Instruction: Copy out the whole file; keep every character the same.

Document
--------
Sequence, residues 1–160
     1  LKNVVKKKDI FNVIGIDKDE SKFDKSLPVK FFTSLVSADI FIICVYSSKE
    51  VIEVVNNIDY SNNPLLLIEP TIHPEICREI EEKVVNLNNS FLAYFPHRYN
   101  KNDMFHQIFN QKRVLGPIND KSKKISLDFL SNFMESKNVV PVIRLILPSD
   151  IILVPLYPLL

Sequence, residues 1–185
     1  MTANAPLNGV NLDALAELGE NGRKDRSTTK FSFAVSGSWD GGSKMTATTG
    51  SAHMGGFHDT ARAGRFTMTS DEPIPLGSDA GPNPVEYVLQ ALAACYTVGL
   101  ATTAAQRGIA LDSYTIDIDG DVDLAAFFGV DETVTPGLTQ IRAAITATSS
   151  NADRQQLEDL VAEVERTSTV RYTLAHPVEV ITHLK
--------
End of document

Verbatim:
Sequence, residues 1–160
     1  LKNVVKKKDI FNVIGIDKDE SKFDKSLPVK FFTSLVSADI FIICVYSSKE
    51  VIEVVNNIDY SNNPLLLIEP TIHPEICREI EEKVVNLNNS FLAYFPHRYN
   101  KNDMFHQIFN QKRVLGPIND KSKKISLDFL SNFMESKNVV PVIRLILPSD
   151  IILVPLYPLL

Sequence, residues 1–185
     1  MTANAPLNGV NLDALAELGE NGRKDRSTTK FSFAVSGSWD GGSKMTATTG
    51  SAHMGGFHDT ARAGRFTMTS DEPIPLGSDA GPNPVEYVLQ ALAACYTVGL
   101  ATTAAQRGIA LDSYTIDIDG DVDLAAFFGV DETVTPGLTQ IRAAITATSS
   151  NADRQQLEDL VAEVERTSTV RYTLAHPVEV ITHLK